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In April 2017, we decided to do something about our rather sad looking financial situation, and our even sadder looking financial future. Being a low-income household, we had to start small. This is where we began...
1. Budget Round-Up
You write your budget, you see how much you have left, and you plan to save it, but it's so hard to get started. Savings do seem to be rather like an avalanche—once started, the momentum just keeps gathering. But what if you can't break your habits enough to get started, or you just don't know where to start?
Open an online savings account, preferably linked to your bank account just for ease of use. Re-write your budget, but round up all your bills and payments. If you only have a few pounds a month spare, round your bills to the nearest pound (or dollar, or whatever your currency is. I'm in the UK, so I'll be using pounds sterling; just sub in your own—the principle is the same). If you have a nice chunk of "spare" money, round to the nearest five, or even ten. Then, when those payments come out, transfer the rest of the money to your savings.
E.g., my monthly water rates bill is £24.36. I budget £25, and transfer 64p to my savings.
It doesn't sound like much, but across all your monthly commitments, it will soon start to add up!
2. Budget Slashing
"If you always do what you've always done, you'll always get what you've always got."
So, what can you do differently to bring change?
Look at your spending. If you can drop £5 a month from four things, that's £240 a year! There are plenty of ways to enjoy life without spending all your money. Instead of a night out with friends, spending money you know you shouldn't, host a movie night at your place: everyone brings a favourite film, a bottle of wine, and a snack to share. Be creative, and find new ways of entertaining yourself and your family. Apply that attitude across the whole of your spending, and you'll be amazed at how much you can save!
3. Account Skimming
This is dead simple. If getting up close and personal with your spending is a bit daunting at first (and don't worry, it is for a lot of people!), try doing this first. It's easy, low-involvement, and a quick habit to form.
Pick a point in the day where you know you can have a couple of minutes undisturbed. (For me it's last thing at night when everyone else is asleep.) Log into your bank account, check the balance, and transfer any "spare change" to your savings account. If you're on a low-income, or have a high percentage of your income already taken by monthly commitments, just transfer the pence. If you're not quite so hard pressed, round it down to the nearest five or ten. I started with the pence, but was quickly able to step this up to adding in an extra pound here and there.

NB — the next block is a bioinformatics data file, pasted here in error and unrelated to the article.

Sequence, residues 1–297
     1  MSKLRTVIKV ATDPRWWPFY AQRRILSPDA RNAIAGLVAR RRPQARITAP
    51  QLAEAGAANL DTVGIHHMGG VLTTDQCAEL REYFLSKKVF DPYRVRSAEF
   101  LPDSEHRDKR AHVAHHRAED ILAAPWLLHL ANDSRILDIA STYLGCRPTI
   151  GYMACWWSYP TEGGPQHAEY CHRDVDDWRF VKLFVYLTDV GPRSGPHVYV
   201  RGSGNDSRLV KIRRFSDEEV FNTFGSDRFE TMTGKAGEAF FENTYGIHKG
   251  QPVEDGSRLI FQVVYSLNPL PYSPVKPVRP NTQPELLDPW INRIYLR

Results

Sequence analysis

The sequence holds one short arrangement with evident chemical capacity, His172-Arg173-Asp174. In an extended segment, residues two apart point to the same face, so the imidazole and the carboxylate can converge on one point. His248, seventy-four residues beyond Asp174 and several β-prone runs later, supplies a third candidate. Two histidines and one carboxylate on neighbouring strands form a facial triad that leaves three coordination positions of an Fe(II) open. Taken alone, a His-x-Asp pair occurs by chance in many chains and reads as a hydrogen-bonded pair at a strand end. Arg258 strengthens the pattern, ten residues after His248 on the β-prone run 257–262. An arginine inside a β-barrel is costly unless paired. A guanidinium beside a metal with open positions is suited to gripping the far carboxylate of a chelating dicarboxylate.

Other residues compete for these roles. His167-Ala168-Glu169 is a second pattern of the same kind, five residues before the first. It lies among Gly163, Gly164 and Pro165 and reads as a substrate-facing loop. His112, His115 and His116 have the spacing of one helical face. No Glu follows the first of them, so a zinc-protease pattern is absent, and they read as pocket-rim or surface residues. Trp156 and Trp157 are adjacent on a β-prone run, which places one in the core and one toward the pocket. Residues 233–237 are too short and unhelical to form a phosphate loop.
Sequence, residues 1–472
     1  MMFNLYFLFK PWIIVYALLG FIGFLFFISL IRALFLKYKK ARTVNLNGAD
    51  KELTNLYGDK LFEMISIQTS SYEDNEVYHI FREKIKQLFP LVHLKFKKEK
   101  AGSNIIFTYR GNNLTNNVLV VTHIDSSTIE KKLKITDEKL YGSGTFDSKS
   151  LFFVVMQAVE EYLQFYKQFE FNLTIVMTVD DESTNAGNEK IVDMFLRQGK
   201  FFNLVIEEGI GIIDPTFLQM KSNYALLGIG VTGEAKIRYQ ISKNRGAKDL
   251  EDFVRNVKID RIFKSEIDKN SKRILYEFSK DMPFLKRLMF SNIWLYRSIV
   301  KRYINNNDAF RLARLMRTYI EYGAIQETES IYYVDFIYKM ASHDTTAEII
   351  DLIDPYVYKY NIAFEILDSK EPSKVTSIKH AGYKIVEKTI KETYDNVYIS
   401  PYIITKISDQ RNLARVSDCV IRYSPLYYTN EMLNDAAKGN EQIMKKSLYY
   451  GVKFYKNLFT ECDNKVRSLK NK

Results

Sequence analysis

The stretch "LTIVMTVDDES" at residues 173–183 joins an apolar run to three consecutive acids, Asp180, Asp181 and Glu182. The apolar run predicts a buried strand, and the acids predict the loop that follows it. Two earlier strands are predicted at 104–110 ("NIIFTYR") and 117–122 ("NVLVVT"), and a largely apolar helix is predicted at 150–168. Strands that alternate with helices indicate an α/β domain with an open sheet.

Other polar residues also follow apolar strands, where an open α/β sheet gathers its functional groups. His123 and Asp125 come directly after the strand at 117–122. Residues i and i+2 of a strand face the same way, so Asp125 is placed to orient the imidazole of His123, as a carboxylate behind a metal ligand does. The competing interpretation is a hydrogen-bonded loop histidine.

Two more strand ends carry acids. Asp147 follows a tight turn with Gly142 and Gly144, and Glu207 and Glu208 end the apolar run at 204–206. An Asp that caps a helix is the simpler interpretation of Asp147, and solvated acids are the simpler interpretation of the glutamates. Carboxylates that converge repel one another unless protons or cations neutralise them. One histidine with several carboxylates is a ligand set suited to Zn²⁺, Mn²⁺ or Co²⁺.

If you start with this one, you'll be surprised at how quickly a few pence a day can stack up. It's very motivational!
4. Service Switch-Up
It's a nice feeling, having everything ticking along all by itself with no mental effort required from you. But that lack of input could be costing you hundreds of pounds a year.
However, rather than the somewhat Herculean task of tackling all your providers in one go, pick the most expensive and see what you can do. Start by checking you aren't overpaying that provider; if it's a utility, is there a cheaper tariff you can switch to? If it's your TV package, are you paying for channels you don't use? If no savings can be made where you are, have a good look online to see if there's a cheaper service you can switch to. It may take a few hours, but it can reap substantial rewards. And don't forget the power of playing companies against each other. If you can save £10 a month by switching, let your current provider know you're thinking of doing so. You may find they offer you an even better deal to keep you!
5. Be a bore!
Not really! Well...maybe a little...
In order to be in control, you have to take control; and you can't take control until you know what's going on! This is where the buck stops with you. Check your account every single day. For a month. It's easy to lose track of what's coming and going, but it's actually just as easy to get back on track. You can't budget without knowing how much you pay for things and where your money goes. So find out. Make a list of every transaction, incoming and outgoing, and you'll build up a clear picture of what's going on.
Don't recognise something? Chase it up. Didn't realise you were still paying that magazine subscription you thought you cancelled when you moved house a year ago? Cancel it!
At the end of the month, you will feel less out of control. Hopefully enough to tackle one of the other points I've outlined. If not, just take another month to track everything. The best way forward for your personal situation will become clearer once you can see what the situation is!
Good luck. It's not necessarily going to be easy, but it will be worth it. I promise.